February 08, 2016 Categories: Clean Energy

The $12.1 Trillion Dollar Question

Back in 2010, Bloomberg New Energy Finance (BNEF) boldly projected that the $90 billion invested in renewable energy in the prior year would grow to a whopping $150 billion by 2020 – 67% growth in annual investment over 10 years. Not bad!

Last year, just five years after BNEF’s “bold” projection, $266 billion was invested in renewables. That’s an increase to more than 75 percent above what BNEF had projected in half the time. This goes to show how rapidly the clean energy revolution is taking hold.

The impressive growth of the clean energy industry has been driven by the convergence of several key trends: relentless improvements in technology, robust markets and finance, and successful implementation of policies to limit carbon in many states and countries. Meanwhile, the findings of climate science have become even more urgent. These facts, combined with the historic Paris Climate Agreement, send a powerful message to energy markets: the future belongs to renewables.

These developments prompted BNEF and Ceres to coauthor a new report called Mapping the Gap: The Road from Paris. The goal is to examine the long-term trends in renewable energy investment, both for our current “business as usual” trajectory, and for the increased level of investment that is necessary to meet the 2°C target established in Paris.

The first line of the report tells the story: “clean energy investment is poised for rapid growth.”

The report’s “business as usual” scenario expects $6.9 trillion to be invested in new renewable electric power generation over the next 25 years. That’s not a scenario anyone would have considered “business as usual” five years ago, and it goes to show the enormous progress we’ve made in that time.

While $6.9 trillion is a great start, BNEF estimates it will take $12.1 trillion in renewable investments globally over this period to reach the 2°C target we collectively set in Paris.

Now, a $12.1 trillion investment may sound immense, but it is well within the capacity of global financial markets. The difference between the “business as usual” estimate and the level of investment necessary for a reasonable chance of staying below 2°C of warming is a gap of $5.2 trillion over 25 years. In the past year alone, American consumers borrowed $542 billion to purchase cars and assumed $1.4 trillion in new mortgage debt. Even if you do not consider the economic boon of transitioning to a clean energy economy, investing an extra $208 billion per year makes good economic sense to help avoid the massive and growing costs of a failure to address the climate crisis.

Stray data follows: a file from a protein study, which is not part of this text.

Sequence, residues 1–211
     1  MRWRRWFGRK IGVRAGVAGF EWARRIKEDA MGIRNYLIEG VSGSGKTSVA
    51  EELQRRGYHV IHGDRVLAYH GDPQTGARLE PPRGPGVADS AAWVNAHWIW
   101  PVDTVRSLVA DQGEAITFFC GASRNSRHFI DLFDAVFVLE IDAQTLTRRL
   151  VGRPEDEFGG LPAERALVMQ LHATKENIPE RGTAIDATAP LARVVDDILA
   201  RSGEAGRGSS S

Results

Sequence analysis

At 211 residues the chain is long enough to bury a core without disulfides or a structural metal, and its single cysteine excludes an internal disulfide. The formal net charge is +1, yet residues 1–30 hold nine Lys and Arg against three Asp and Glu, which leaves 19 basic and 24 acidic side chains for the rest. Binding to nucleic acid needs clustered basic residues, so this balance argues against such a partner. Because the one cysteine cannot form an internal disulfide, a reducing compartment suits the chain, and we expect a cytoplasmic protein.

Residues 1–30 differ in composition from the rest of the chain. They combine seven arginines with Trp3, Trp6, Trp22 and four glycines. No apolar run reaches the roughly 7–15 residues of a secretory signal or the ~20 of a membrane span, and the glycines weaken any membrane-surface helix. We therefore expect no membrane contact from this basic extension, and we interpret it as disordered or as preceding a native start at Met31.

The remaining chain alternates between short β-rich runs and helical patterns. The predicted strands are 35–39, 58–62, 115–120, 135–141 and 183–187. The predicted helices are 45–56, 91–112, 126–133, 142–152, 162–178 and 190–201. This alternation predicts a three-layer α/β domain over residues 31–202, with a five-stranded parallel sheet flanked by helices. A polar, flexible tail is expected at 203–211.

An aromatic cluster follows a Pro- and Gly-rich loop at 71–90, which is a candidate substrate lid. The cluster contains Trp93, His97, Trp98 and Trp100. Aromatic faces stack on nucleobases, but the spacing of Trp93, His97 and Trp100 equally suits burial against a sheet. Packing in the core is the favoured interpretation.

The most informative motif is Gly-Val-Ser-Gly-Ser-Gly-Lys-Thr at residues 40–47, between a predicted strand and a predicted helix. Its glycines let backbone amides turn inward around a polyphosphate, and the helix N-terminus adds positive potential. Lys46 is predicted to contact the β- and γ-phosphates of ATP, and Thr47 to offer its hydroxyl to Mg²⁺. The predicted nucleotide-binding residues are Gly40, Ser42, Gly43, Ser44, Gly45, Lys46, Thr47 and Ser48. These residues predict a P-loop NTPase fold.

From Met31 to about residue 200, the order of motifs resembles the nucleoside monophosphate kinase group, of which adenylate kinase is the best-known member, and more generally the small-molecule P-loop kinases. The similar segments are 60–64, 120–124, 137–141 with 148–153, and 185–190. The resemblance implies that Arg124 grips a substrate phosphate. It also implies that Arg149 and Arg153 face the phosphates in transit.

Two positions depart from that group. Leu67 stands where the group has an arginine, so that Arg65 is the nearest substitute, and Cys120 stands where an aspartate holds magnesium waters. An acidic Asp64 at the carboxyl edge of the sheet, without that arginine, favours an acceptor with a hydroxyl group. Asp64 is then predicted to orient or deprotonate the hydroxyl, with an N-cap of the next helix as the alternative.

And remember, this is an investment not a cost (many news outlets missed this crucial point, including BNEF’s sister publication Bloomberg Business). The return on this investment is reduced spending on fossil fuels, not to mention the added benefits of better health and a more stable climate.

More specifically, the $12.1 trillion figure would be offset by reduced investments in fossil fuel power plants and fossil fuel extraction–funds that could easily be redirected towards increased investments in renewables. Likewise, the $12.1 trillion of investment doesn’t account for savings on operating costs from the fuel and maintenance expenses associated with coal and natural gas fired power plants that are largely avoided with renewable energy sources.

Mapping the Gap didn’t estimate these savings, but a Citigroup report from last year did. According to Citigroup’s estimates, the total amount spent on energy by 2040 would be $1.8 trillion less in a clean energy scenario consistent with the Paris goals than under a “no action” case.

Both BNEF’s “business as usual” and 2°C scenarios have some cost reductions built in that reflect the continued decline in the cost of renewables that we have witnessed over the past few decades. These cost reductions, driven by lessons learned through on-the-ground technology deployment, are not accelerated in the 2°C scenario even though there is greater deployment in this case. This adds an additional conservative element to the model’s assumptions as costs are likely to decline faster than the model assumes in the 2°C scenario.

Not only do we expect investment to grow, but as the renewables market matures, the types of asset classes available to investors will diversify. Creative entrepreneurs will see the growth and opportunity of the renewables sector and will use many vehicles to raise the needed capital. BNEF projects that markets will move toward a broader array of capital sources. Institutional investors have an especially large role to play as both equity and debt providers. If institutional investors are intentional about selecting their portfolios to be consistent with their long-term goals, they can capitalize on the enormous economic opportunity of the clean energy revolution while helping to prevent the most devastating impacts of climate change.

Still, $12.1 trillion in renewable energy investment over the next 25 years is only one part of the clean energy investment landscape. Investments to increase energy efficiency in buildings and to replace internal combustion engines with electric vehicles will be even larger, but so will the benefits. Last August, with declining costs for solar, wind, and energy efficiency technologies and rising risks for fossil fuel investment Citigroup summed up the big question: “why would we not” shift to clean energy? As policy and decision makers consider the opportunities, costs, and risks of various energy economy pathways the stakes could hardly be higher.

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